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February 6, 1960


Author Affiliations

Brooklyn, N. Y.

From the Department of Surgery, Division of Urology, State University of New York Downstate Medical Center.

JAMA. 1960;172(6):542-546. doi:10.1001/jama.1960.03020060032008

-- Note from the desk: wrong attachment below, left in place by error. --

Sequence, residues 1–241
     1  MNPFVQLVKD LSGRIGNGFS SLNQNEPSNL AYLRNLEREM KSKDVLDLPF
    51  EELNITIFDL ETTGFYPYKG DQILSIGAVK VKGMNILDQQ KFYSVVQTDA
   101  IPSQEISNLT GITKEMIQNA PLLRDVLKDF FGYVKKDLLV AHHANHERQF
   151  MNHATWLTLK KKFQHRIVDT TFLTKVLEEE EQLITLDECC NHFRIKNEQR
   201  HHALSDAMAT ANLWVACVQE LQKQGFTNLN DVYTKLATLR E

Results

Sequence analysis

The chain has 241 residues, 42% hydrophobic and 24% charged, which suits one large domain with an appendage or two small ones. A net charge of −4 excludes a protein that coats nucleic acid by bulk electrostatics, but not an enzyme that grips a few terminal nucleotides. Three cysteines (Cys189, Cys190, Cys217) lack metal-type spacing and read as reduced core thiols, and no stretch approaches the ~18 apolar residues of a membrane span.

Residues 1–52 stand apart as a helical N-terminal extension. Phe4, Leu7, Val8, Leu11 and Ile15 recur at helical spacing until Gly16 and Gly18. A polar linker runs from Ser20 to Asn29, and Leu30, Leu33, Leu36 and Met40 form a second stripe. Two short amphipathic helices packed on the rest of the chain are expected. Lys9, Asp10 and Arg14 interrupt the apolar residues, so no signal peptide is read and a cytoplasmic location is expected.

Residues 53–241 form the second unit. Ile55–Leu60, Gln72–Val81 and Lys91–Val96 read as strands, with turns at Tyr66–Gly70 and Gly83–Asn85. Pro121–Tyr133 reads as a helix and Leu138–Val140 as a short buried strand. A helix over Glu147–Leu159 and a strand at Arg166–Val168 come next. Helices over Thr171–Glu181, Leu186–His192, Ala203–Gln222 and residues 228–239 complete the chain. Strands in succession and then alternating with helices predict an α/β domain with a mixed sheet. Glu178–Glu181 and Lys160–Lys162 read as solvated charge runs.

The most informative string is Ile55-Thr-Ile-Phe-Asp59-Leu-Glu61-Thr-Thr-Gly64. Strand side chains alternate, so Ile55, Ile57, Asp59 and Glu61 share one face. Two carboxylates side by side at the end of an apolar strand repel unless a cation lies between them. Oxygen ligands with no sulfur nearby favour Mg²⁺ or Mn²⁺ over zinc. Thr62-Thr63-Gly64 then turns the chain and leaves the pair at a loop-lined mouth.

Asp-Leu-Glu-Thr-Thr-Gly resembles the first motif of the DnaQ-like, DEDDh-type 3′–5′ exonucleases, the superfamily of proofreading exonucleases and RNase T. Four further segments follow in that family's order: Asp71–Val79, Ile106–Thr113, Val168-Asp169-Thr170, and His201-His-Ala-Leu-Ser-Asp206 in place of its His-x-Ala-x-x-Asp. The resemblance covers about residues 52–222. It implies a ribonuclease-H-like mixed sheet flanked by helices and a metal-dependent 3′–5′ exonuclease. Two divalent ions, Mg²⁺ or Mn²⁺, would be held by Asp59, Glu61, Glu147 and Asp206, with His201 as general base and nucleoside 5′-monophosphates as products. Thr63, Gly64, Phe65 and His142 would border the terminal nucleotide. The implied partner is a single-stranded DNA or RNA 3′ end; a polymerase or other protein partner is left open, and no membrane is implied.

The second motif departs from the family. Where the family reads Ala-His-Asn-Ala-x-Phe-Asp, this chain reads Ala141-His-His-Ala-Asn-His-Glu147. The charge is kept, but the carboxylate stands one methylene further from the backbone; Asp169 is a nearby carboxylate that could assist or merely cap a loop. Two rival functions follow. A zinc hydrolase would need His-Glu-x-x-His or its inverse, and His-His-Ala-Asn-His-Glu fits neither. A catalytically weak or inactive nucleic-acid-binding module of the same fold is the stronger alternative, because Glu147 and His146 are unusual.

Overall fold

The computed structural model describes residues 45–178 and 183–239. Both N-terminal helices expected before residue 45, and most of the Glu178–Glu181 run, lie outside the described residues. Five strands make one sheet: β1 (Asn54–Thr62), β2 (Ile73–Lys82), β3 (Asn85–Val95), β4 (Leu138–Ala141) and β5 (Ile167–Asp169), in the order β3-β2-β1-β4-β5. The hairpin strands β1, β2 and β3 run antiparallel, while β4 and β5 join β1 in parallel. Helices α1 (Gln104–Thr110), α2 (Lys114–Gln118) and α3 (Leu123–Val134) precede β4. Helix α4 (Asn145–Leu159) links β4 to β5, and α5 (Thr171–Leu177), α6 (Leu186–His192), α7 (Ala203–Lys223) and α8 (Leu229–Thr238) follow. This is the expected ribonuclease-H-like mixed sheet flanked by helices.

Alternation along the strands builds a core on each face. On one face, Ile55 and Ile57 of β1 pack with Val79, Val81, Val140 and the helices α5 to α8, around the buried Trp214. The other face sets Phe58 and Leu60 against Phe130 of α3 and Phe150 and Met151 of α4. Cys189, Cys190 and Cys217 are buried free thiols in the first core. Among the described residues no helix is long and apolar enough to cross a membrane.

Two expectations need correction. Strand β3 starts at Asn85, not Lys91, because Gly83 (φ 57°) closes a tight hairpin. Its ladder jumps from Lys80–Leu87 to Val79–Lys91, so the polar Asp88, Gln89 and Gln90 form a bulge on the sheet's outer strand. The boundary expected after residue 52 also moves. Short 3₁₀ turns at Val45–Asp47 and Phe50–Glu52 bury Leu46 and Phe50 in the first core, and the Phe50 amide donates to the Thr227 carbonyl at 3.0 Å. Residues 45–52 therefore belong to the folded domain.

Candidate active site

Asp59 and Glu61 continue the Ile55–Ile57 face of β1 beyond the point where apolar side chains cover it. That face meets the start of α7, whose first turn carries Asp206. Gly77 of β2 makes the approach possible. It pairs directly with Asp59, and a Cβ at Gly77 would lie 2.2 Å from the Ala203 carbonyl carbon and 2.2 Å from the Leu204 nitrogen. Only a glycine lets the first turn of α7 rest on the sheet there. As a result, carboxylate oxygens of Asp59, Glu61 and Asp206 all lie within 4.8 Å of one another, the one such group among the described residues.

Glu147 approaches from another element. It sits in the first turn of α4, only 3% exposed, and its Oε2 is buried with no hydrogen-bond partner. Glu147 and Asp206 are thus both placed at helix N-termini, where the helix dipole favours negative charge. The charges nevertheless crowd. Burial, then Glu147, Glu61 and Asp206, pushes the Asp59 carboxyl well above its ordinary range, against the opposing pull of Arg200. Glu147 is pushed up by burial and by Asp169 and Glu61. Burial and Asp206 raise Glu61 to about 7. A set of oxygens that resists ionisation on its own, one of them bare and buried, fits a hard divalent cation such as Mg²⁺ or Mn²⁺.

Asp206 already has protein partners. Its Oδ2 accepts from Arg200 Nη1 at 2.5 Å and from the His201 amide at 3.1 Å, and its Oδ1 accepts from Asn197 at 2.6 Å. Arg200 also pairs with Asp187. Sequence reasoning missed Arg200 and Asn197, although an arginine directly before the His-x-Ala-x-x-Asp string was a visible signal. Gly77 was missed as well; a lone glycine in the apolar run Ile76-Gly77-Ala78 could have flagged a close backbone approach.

The diagnostic value of excretory urography justifies its extensive use provided its limitations are recognized and its dangers are appreciated. It should not become merely a routine study, and the exposure of the patient to radiation should be limited. In a series of 21,525 intravenous urograms there have been no fatalities, but there were four serious reactions in which death was narrowly avoided. The patients were two men aged 35 and 69 years and two women aged 44 and 61 years. Three of the four required intubation and prolonged artificial respiration. Certain precautions are recommended to preclude allergies, over-sedation, and excessively rapid injections, but, in addition, it is suggested that all excretory urography be done in a surgical suite where oxygen, cut-down sets, cardiac arrest trays, and the services of an anesthetist are available.